The buy-side remains active which marries nicely with the increase in candidates wanting to move into this area, seeking more open mandates and often a less corporate environment. Fintech is still a particularly popular sector but there is increasing competition for the best candidates.
The sell-side tells a different story. With tougher internal controls on budget, reflective of performance conditions there are many more constraints on hiring.
LIBOR transition to SONIA
An area of hiring demand on the sell-side that cannot be pushed back however are preparations for LIBOR transitioning to Sterling Overnight Index Average (SONIA) in 2022.
The transition follows the 2012 LIBOR scandal where traders and rate-setters were found to be manipulating rates to benefit the trader’s position. This undermined the world’s trust in LIBOR and London’s place as a financial centre and resulted in UK and US regulators issuing billions of pounds worth of fines.
In 2017 the central banking working group voted for LIBOR to be replaced by SONIA with the Bank of England stating that it is ‘based on robust transaction volumes’ and is ‘considered close to risk-free’. Whilst being a positive and progressive step, this poses a major challenge for our financial services. LIBOR is a fundamental part of the system and is entrenched in almost every model with more than $240 trillion in global financial products using it as a reference rate.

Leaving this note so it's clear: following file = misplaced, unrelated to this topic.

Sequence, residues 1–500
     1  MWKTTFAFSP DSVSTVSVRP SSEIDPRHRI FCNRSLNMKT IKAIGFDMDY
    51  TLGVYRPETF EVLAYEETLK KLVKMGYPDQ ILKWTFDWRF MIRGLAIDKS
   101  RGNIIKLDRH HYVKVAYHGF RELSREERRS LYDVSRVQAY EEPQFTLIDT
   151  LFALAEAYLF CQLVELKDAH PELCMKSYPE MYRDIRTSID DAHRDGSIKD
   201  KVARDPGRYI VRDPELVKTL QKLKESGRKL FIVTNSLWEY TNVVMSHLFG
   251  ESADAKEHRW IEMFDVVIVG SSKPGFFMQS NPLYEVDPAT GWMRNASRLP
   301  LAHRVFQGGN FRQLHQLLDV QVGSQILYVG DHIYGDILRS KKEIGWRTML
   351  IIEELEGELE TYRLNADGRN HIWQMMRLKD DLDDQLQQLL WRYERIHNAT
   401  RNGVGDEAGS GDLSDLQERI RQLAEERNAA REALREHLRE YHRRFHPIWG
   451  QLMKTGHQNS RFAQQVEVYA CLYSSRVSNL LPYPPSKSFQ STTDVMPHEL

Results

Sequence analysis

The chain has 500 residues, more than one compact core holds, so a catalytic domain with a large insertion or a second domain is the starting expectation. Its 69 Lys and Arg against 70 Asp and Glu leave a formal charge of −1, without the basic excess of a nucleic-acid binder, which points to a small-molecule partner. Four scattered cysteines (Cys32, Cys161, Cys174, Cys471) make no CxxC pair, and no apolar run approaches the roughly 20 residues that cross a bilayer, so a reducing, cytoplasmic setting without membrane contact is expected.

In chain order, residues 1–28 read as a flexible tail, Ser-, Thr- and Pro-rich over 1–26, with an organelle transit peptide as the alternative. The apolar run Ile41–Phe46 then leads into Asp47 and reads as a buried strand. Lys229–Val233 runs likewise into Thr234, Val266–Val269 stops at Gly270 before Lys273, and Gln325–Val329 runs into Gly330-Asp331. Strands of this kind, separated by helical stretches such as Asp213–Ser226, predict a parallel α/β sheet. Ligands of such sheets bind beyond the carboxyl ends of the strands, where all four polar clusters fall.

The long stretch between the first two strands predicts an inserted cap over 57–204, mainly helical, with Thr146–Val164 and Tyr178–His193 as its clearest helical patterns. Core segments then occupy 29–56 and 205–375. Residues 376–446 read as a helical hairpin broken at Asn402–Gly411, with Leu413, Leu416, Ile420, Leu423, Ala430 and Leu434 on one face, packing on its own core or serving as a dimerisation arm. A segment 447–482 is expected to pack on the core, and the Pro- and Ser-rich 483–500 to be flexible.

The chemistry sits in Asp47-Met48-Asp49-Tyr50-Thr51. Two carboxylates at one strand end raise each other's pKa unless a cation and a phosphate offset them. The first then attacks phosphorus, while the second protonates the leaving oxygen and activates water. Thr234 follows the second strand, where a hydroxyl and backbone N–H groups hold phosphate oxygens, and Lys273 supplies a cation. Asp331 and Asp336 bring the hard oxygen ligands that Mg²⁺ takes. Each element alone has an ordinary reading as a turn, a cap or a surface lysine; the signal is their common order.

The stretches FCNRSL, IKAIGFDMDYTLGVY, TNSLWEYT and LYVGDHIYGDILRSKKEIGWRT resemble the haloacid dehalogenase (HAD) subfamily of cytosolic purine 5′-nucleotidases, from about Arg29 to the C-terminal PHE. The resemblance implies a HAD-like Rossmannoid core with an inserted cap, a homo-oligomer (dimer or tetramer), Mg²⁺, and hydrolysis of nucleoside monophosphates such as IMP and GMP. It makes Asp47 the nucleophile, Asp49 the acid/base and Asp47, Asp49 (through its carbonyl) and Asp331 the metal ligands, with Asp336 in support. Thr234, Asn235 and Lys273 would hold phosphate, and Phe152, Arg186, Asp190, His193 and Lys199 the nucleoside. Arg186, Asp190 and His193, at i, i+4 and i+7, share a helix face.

Some suggest that the cost of going into every product, process and system to make the swap could cost in excess of $200 million for some banks. It’s a cost that simply can’t be avoided but will weigh heavily on the sector that is already under pressure.
The scale of this transition is widespread so the 2022 transition deadline leaves little comfort. Firms are wise to start making moves towards this, starting with an inventory of the skills and experience they have to tackle it. The people they had to implement LIBOR may well have moved on since.
Consultants can offer a happy solution here; bringing specialist knowledge without the permanent overhead cost. We have a strong bench of LIBOR specialists. We advise firms to act fast to get ahead of the curve before the talent pool starts to deplete.
Aside from this, nearshoring of risk functions continues to grow notably in credit risk, quantitative risk and model validation. Again, this coincides well with a steady increase in the willingness of people based in the UK to move. We have also been able to access local domestic candidate pools for our clients and can support you in this way too should you look to relocate departments.